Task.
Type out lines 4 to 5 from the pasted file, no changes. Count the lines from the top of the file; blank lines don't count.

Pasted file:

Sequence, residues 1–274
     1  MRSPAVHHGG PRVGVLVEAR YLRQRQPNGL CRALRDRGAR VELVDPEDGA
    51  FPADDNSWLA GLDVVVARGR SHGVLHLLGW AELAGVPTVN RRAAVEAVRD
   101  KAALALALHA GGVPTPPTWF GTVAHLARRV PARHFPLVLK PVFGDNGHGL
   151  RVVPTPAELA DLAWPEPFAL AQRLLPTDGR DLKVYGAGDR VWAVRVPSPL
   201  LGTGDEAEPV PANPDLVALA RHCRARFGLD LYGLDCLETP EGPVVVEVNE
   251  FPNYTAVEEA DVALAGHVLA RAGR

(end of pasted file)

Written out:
   101  KAALALALHA GGVPTPPTWF GTVAHLARRV PARHFPLVLK PVFGDNGHGL
   151  RVVPTPAELA DLAWPEPFAL AQRLLPTDGR DLKVYGAGDR VWAVRVPSPL